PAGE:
Notre Dame’s 2016 season might have set a record for the most true freshmen who started in the secondary on a Power 5 football team.
Cornerbacks Julian Love, Donte Vaughn and Troy Pride Jr., all had a minimum of three starts, led by Love’s eight, while safety Devin Studstill had nine. A fifth, safety Jalen Elliott, appeared in all 12 games on special teams and played eight on defense.
They took their share of lumps during a 4-8 campaign, but also held their own on many occasions while combining for 131 tackles.
Last year during a much improved 10-3 campaign, Love earned some All-America notice while finishing second nationally in passes broken up (20) and defensed (23), shattering previous Notre Dame standards. Elliott started all 13 games, and Pride came on strong at the close of the season to earn a starting role, highlighted by a crucial interception at the Navy 14-yard line halfway through the fourth quarter of a 24-17 win, while also making a physical impact on the edge with his tackling.
After 12 practices this spring, head coach Brian Kelly noted that despite the presence of Love, nobody in the Fighting Irish defensive backfield has played better than Pride.
“Really pleased with his physicality, his strength, his knowledge,” said Kelly following this Saturday’s practice. “… He knows he’s playing really well.”
The Irish head coach didn’t even have to refer to speed, which has been Pride’s calling card since his enrollment. That’s because as a senior at Greer (S.C.) High, Pride won the South Carolina Class AAA state championships in the 100 meters (10.55), the 200 meters (21.28) and the 400 meters (48.28), and he also ran a leg for the winning 4x100 relay team (42.20).
This spring at the ACC Indoor Track & Field Championships, Pride finished 6th in the 60-meter finals (there were 28 competitors overall in the prelims) with a 6.78 time to earn three points for Notre Dame in that event — despite not working full-time on that craft like his competitors.
For context, the school record is 6.68 by longtime NFL return man Allen Rossum in 1997 as a senior, and 6.60 is considered world class. (There was not a 60-meter dash when Raghib “Rocket” Ismail was running for the Irish, but he still holds the school’s 55-meter record with a 6.07 in 1991, as a junior.)
One of the fastest players in college football, Pride has dispelled any notions that he is a track man trying to play football, or that he gets by on pure speed.
“I don’t feel like it was an issue of track transitioning to football,” he said. “I feel like it was an issue of comfort with myself on the football field. Yeah, I had accolades in track, but managing the two has never been an issue for me. It was just really me coming into my own [in football], telling myself that I can make plays and I can do things on the field that are special.”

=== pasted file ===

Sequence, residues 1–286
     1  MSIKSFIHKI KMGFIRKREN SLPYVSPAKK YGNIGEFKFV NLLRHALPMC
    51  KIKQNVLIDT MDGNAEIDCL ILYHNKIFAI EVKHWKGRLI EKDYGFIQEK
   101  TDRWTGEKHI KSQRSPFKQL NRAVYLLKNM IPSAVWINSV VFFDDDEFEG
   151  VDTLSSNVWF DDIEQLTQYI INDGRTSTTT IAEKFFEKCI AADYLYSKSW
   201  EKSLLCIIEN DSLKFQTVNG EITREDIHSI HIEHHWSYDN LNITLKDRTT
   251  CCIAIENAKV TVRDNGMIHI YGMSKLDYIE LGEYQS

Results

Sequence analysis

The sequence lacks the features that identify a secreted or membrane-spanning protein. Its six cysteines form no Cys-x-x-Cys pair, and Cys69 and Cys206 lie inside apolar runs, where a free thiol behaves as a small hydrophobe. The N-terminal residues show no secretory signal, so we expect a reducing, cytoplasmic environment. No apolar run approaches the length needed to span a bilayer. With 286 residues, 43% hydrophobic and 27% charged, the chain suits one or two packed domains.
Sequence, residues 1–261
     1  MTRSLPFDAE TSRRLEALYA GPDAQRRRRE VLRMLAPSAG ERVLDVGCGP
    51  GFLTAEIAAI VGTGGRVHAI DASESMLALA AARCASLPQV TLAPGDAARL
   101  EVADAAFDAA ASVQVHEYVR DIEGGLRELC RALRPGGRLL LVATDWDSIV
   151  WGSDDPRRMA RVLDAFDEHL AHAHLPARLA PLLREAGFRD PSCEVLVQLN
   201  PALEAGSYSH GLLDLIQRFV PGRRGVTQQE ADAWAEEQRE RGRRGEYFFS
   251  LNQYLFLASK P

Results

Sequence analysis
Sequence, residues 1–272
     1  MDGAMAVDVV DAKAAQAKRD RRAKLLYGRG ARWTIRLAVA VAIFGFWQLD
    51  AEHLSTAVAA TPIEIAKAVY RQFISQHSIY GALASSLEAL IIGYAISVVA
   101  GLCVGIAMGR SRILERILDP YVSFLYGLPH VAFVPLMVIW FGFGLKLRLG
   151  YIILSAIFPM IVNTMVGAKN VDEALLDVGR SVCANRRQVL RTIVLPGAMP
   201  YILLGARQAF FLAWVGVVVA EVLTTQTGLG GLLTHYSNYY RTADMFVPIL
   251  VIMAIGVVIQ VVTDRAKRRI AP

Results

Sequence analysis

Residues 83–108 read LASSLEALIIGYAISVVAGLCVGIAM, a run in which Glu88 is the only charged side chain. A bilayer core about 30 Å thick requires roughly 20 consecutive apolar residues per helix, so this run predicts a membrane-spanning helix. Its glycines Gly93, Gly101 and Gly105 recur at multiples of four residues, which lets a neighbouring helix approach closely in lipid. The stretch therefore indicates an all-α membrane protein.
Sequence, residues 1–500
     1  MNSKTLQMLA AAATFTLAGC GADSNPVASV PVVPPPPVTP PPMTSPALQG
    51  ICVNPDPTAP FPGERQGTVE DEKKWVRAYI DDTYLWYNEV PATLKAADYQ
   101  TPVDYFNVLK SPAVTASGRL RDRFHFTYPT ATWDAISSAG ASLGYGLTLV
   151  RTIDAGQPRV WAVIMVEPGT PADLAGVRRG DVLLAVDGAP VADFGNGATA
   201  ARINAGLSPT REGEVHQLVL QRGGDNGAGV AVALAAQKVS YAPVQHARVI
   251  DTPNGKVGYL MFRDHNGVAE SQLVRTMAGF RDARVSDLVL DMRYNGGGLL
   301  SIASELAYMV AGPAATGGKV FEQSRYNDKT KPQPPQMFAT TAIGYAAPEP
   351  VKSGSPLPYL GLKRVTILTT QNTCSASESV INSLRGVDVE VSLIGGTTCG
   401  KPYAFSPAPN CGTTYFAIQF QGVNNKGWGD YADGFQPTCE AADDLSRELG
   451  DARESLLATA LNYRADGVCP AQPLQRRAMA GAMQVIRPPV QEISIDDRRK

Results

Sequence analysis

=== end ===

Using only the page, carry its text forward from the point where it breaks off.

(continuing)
Ego or even pride (no pun intended) might have prevented the four-star cornerback from competing in track at Notre Dame because he’s not on the same training schedule while a full-time football player. However, his motivation was to continue engaging against first-rate competition in track to improve himself. It is the mentality he says a cornerback must possess while so often engaged in one-on-one battles.
The competition in the secondary this spring also has brought out the best in him. In addition to Love, fifth-year senior Nick Watkins started most of last year and broke up eight passes (which would have led the team in 2016), senior Shaun Crawford, the top nickel in 2017, is legitimately vying for a starting spot, and the rangy Vaughn, who has recovered from the back problems that plagued him last season, might be returning to form after tying for the team lead in pass breakups (6) as a freshman.
There is similar competition at safety with the enrollment of 2016 Navy starter Alohi Gilman and ascending freshman standout Houston Griffith. Their presence, along with 2017 13-game starter Nick Coleman (working also at nickel) and Elliott, has Studstill battling for a spot on just the two-deep despite his nine starts as a freshman. It has also allowed the staff to shift sophomores Isaiah Robertson and Jordan Genmark Heath to rover and Buck linebacker, respectively.
“We’re fighting for it,” said Pride of playing time in the secondary. “Every play, every day it’s like if you come slacking, you might be a three. That’s just how it rolls.”
In his two seasons at Notre Dame. Pride is now taking instruction from his fourth different defensive coordinator, although the transition from Mike Elko to Clark Lea this winter kept some continuity and nomenclature. Because of that, Pride envisions that the veteran unit can be more consistent and make more plays — primarily because the experience factor now gives them more confidence and a broader knowledge base to play more aggressively, or in press coverage.
“We have a whole different motivation, a whole different set-up of principles that we’re going to abide by,” said Pride on the main difference between Elko and Lea. “…We’re hungry, we’re greedy.”
The overall team improvement last year also facilitated Pride’s individual growth.
“That love for the game has really just surged back,” Pride said. “My freshman year it was a little iffy, I was up and down, not making a play, I was thinking a lot. Then everything just started to slow down and I was like, ‘Shoot this is still just football that I’ve played since I was seven years old.’ Once that happened, once that came to me … Let’s just go ball. Once I got over that hill, [it was] downhill.”
While on the upswing at the same time.